Teaching History Chronologically

by Laurie Detweiler

The title would almost seem oxymoronic—how else would you teach history? Yet some would argue for teaching history by other means. Actually, no one really argues that you ought not teach chronologically. Rather, they say that other factors make teaching chronologically less effective in reaching the end goals in a classical Christian education.

There is one key factor generally argued by those who don’t teach history from the beginning. They say that to teach young children you must teach them in a context they understand. They live in a place and time—getting too far from that place and time is too disconnected for young ones to understand.

Taking exception, we recommend teaching history from Creation to the present in second through sixth grade. By second grade students have already gained a healthy sense of the past and have gradually become ready to expand their horizons to include places and times they have not experienced. We certainly agree that an ability to understand places and times not previously experienced is the most important factor in studying history. But we believe they are quite ready to then jump all the way back to the beginning—to Creation—and work forward just as God does in His Word.

Those who practice otherwise typically spend nearly all grammar school years teaching American history. This, they say, is more relevant. Some even say what you study—the content—doesn’t matter. The need is to have students memorize something…anything. They cite Dorothy Sayers' essay which, when commenting on grammar school history, says , “The grammar of History should consist, I think, of dates, events, anecdotes, and personalities. A set of dates to which one can peg all later historical knowledge is of enormous help later on in establishing the perspective of history. It does not greatly matter which dates (emphasis added): those of the Kings of England will do very nicely…” They take this to mean that memorization is the important element, not content. Yet the rest of Sayers’ thought continues, “…provided that they are accompanied by pictures of costume, architecture, and all 'every-day things,' so that the mere mention of a date calls up a strong visual presentment of the whole period.” We know they can memorize a lot. Let’s make it a lot of meaningful content.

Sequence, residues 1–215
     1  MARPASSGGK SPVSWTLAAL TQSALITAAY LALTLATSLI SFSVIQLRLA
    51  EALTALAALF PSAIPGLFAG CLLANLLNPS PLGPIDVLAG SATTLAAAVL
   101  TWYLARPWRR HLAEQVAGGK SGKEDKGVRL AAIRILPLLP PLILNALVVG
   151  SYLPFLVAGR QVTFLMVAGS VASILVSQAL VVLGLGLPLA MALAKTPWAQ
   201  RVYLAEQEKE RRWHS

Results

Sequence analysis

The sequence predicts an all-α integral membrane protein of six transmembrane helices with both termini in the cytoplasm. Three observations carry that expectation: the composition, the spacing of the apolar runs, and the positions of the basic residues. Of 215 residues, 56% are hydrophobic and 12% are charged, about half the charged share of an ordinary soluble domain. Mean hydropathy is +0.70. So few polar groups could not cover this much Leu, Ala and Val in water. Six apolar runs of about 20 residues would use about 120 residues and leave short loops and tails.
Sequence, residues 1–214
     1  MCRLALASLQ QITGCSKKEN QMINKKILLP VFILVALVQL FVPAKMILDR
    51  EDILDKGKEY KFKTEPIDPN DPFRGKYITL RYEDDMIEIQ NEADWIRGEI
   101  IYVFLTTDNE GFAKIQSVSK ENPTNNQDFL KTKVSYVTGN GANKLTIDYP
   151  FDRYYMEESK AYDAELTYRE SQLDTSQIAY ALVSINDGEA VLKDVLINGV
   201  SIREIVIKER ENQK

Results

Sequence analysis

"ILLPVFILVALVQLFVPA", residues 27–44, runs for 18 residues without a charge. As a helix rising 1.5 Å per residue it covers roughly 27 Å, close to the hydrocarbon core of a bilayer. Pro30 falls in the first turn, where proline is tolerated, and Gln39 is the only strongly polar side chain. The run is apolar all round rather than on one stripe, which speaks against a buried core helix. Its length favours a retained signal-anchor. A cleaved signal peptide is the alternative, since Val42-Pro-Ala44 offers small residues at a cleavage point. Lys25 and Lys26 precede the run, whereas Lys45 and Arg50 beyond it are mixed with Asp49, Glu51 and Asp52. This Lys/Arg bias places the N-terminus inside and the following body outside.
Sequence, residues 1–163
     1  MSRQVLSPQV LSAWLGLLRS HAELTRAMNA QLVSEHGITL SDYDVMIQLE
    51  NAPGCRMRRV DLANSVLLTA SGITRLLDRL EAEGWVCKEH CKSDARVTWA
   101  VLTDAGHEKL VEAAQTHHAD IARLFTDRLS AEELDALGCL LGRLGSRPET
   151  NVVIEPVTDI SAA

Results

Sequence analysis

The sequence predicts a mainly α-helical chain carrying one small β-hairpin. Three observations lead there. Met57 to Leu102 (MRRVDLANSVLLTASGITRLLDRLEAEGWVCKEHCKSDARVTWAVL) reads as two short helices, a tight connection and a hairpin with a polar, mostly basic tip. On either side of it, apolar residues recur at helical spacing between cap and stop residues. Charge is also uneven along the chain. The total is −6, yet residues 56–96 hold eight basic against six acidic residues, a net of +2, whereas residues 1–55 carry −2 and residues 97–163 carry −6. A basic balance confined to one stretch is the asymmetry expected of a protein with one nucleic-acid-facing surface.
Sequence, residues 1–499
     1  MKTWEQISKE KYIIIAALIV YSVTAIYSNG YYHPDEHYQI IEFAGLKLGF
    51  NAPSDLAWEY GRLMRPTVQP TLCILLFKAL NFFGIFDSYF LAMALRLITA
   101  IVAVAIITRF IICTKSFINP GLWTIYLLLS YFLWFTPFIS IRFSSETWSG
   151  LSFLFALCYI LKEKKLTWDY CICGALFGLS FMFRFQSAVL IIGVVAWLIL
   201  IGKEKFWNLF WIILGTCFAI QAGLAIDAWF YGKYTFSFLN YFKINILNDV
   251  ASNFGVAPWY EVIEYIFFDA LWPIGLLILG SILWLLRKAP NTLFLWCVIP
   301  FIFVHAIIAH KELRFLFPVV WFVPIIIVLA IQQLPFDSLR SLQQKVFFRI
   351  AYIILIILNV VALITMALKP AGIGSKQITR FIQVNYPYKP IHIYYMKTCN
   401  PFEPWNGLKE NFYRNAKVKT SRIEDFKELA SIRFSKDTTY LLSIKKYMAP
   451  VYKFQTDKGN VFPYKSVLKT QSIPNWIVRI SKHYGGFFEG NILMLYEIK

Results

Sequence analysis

What about before second grade? To kindergartners we recommend teaching a familiarity with their town as it exists presently. We recommend this because it seems the best preparation for their eventual study of history and because it is important for them to visualize place and context. In first grade we cover state history, which includes both place and time to give students a broader sense of place and a sense of time. By this time students are ready to think chronologically as well as geographically. We expand the geographic area to include their whole state and go back to the time it was settled. This is not only the study of their state but a step toward study that includes real chronology. Since first graders understand the idea of parents, grandparents and great-grandparents quite well, creating a family tree is a great tool to help them grasp these concepts initially.